Fatty soils are not water-soluble and pose a greater challenge than carbohydrates. Here, it’s necessary to use alkaline cleaners and elevated temperatures above the melting point of the fat to achieve an efficient clean. Mineral salts––the inorganic food soils––lead to scale formation on equipment. Acidic cleaners are required to efficiently remove the scale.
There are four variables within the cleaning process that can impact its efficiency to remove soil:
- Physical Action
Devised in 1959 by Dr. Herbert Sinner, Sinner’s Circle is universally known as the model to demonstrate that reducing one of the four factors can be compensated by increasing another. For example, you may be able to increase the temperature to enable you to use a lower concentration of chemical.
Disinfection is the process by which microorganisms are killed so that their numbers are reduced to a level which is neither harmful to health nor to the quality of perishable goods. Following cleaning, surfaces will be free from soil but microorganisms remain. Using validated disinfectants on surfaces, following the instructions and contact times, reduces microorganism levels to the required level for food production.
The method by which disinfectants kill the microorganism––referred to as their “mode of action”––varies with the active ingredient. The table on the right shows some of the key activities[ed1] and their mode.
When selecting a disinfectant, a number of considerations need to be made.
Application, including the compatibility with materials found in the area being disinfected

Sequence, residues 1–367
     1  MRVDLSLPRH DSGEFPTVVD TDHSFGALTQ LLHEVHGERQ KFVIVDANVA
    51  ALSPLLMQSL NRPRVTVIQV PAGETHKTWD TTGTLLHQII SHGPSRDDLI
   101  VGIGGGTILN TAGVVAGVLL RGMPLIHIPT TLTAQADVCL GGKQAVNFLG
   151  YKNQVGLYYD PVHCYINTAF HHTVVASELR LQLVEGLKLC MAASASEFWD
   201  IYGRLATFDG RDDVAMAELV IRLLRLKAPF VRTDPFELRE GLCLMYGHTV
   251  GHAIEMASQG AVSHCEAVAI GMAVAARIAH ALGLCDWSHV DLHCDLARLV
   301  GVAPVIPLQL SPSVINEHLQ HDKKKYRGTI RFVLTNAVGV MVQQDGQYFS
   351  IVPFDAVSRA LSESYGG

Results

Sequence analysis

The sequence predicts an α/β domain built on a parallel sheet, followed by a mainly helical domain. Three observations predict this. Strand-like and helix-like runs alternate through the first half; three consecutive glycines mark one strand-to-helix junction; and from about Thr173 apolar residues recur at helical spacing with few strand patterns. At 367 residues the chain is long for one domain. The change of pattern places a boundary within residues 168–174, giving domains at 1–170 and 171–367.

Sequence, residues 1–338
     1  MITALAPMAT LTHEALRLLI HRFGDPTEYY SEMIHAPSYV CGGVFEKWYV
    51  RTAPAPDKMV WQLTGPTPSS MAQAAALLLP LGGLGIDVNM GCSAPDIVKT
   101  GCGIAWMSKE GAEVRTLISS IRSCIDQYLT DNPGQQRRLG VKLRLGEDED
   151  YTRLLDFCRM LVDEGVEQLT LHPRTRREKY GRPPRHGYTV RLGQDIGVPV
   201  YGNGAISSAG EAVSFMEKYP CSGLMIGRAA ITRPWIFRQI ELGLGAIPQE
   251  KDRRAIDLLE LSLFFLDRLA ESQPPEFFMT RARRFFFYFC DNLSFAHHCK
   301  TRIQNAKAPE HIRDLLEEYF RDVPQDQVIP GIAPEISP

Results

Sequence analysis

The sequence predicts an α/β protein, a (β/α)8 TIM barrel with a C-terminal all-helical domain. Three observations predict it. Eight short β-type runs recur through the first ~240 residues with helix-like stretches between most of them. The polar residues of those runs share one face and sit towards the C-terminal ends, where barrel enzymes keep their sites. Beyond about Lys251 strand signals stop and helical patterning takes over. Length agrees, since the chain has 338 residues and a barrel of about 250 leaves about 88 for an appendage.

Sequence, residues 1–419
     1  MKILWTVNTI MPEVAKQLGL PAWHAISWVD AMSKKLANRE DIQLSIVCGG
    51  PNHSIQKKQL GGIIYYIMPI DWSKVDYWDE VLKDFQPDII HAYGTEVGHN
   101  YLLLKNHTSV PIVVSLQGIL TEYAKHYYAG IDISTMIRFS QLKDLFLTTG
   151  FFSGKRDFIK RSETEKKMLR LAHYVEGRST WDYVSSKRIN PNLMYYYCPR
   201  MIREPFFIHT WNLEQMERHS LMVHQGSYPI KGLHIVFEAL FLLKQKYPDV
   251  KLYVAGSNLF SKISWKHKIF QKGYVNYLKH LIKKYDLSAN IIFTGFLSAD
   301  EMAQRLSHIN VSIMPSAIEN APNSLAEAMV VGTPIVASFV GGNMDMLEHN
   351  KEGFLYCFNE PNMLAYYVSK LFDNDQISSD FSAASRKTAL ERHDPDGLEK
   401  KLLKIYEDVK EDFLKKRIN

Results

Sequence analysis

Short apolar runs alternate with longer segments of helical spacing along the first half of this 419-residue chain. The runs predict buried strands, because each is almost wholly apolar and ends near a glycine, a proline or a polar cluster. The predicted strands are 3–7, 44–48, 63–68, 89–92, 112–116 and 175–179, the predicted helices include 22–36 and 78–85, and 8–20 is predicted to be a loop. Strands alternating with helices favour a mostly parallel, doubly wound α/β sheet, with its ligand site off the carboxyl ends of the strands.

Impact of water hardness
Above all, the approvals each disinfectant has should be taken into account during selection, for example if you are using a product in a chilled environment, the disinfectant should be proven to work at the temperature you are intending to apply it at.
The validation of cleaning and assuring standard, consistent results has become a topic of high priority in the food processing industry. This validation is used to show proof that the cleaning system consistently will perform as expected. A surface is chemically clean if there are no microscopic residues of soil remaining and no residual detergents or disinfectant chemicals to contaminate the food product. Determination of chemical cleanliness requires tools other than the human eye. Techniques for determining such small amounts of soil include:
- Visual moisture on surfaces––Soiled surfaces become hydrophobic, so water will bead up and show the presence of soil.
- Dyes––Specific dyes with an affinity for certain soils like protein or starch can also be applied to a surface to make the soil visible.
- Optical methods—These are used quite regularly in some food processing operations for detecting soils. Interruption of a light beam, reflectance and absorbance are all optical means of detecting soil.
- Adenosine triphosphate (ATP)––ATP levels are present in all organic material. Measuring its presence is a very effective way of providing immediate feedback to ascertain the cleanliness of critical control areas.
The basic principles discussed here should provide insight into the variables that should be taken into account when devising a cleaning schedule. Controlling these variables will present opportunities to deliver real improvements in operational efficiency in food processing, while improving overall food safety.